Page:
A. Thatís a question that I probably canít answer, just because I have no understanding of what the real cost would be. What Iíll say is that itís been clear to me for a long time that women can easily do this job and have done this job very well. I think that itís an idea whose time has come. The Navy needs to do it in a way that makes sense.
All of the ships of this class are going to go away in relatively short order. That sounds ridiculous because itís actually 20 years or more down the road, but in terms of defense dollars, thatís not a very long time. Iím not sure that it would make a lot of sense, certainly not to refit first flight 688s or second flight 688s.
Maybe if the third flight 688s are going to be around for another 20 years and someone makes a decision to retrofit a couple of those, that might be fine. But it looks to me like theyíre making plans now to do the Virginia class and I see that as probably the smartest decision they could make.
Q. During your most recent deployment, the ship visited some unusual ports like Haifa, Israel, and Limassol, Cyprus. What were they like?
A. Israel was fantastic, and Cyprus was excellent as well. I think what really appealed to the crew about Israel was that we got to go to Jerusalem, the foundation of the three Abrahamic religions. They love Americans there, so we really had a great time.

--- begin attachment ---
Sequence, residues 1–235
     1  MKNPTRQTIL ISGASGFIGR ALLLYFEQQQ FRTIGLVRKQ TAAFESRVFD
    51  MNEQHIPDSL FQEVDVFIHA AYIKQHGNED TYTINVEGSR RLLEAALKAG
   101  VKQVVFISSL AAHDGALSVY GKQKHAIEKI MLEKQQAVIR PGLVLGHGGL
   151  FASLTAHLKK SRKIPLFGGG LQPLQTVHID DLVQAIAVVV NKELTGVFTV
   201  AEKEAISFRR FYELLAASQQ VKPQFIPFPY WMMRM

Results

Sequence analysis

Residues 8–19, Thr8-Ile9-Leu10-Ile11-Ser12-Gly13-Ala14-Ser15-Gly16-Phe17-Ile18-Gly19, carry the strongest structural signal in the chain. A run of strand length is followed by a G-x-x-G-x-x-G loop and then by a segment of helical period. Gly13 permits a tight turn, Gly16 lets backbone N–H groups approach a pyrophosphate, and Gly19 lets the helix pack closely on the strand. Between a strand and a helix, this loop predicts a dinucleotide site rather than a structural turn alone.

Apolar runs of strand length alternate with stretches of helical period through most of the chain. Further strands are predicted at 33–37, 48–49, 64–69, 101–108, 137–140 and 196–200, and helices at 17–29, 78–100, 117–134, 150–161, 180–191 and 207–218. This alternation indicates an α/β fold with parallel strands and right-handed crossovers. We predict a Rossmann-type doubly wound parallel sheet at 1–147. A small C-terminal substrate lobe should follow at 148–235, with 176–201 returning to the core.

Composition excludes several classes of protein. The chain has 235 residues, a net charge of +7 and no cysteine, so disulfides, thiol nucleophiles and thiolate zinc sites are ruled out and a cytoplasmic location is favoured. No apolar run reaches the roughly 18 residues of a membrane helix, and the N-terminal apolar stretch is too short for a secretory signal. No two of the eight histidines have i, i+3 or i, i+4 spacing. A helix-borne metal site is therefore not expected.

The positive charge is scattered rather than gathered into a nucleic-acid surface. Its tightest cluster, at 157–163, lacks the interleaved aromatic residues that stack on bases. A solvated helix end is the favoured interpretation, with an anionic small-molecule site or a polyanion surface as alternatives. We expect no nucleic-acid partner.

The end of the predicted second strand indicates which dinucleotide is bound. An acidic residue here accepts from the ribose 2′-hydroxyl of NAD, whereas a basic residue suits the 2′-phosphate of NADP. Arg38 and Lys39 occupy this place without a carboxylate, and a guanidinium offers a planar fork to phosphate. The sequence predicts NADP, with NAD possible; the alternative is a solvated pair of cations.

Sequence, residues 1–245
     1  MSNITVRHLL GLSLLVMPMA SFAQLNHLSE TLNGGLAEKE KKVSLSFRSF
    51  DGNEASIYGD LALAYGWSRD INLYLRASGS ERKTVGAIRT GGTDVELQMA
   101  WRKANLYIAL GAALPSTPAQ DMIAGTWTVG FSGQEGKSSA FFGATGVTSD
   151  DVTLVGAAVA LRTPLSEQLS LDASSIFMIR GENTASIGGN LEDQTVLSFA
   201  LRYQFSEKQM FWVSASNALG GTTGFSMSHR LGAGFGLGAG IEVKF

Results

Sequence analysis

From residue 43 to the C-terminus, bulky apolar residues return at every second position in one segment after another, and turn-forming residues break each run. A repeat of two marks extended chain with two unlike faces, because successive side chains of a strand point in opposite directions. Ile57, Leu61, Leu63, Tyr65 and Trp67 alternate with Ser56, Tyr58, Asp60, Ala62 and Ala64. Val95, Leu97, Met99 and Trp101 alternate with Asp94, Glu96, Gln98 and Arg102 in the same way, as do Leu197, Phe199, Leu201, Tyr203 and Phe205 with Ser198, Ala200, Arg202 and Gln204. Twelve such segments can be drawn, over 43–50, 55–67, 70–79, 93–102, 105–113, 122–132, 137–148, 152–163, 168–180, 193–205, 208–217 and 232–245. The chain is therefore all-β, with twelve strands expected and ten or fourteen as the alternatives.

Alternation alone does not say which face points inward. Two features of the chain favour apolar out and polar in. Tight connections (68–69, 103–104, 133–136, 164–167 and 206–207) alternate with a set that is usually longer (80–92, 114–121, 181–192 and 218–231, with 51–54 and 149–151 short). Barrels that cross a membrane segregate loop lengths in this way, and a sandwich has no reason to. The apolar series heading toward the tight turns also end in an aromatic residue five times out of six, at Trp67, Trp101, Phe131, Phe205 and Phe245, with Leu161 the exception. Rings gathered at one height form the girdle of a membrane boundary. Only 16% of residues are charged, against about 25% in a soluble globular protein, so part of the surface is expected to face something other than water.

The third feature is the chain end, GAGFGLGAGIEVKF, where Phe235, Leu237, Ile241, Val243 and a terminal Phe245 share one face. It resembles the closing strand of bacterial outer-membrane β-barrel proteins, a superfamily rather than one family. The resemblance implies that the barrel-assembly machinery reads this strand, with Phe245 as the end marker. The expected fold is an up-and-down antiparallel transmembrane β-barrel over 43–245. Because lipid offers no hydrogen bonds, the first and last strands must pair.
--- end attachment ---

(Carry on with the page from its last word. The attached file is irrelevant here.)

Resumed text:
Q. What do you think the benefit is of visiting different ports where many ships donít get to visit?
A. For us, itís an opportunity to relax and recharge our batteries, which is pretty important. When we go out and weíre operational in those kinds of deployed environments, it can be very stressful. If youíre doing an 18-hour day, itís a solid 12 hours of work in that day, if not more, so guys are just doing that over and over and over again.
When we do it right ó and Iím very proud of the crew because they did this in each case ó weíre really great ambassadors for America. It may be the only view of America that some of the people in those countries ever have. Israel, thatís probably less the case, but certainly in Cyprus, we may be the only view of America that people have.
When we go there, weíre respectful and we have a great visit, I think it represents America well.
Q. Youíve been back from deployment for more than half a year. Whatís the crew been up to since youíve been back, and what are the next big events looking forward?
A. Weíre already gearing up for our next deployment. Itís to be determined when our exact next deployment date will be, but weíre already in the cycle with the first major maintenance period to set us up for being ready to go back and conduct a [U.S. Central Command] deployment later this year or early next year.
What weíve been up to is really a major post-deployment availability and then weíve done some exercises and tactical readiness ó just standard stuff to work our way back into the pre-deployment routine.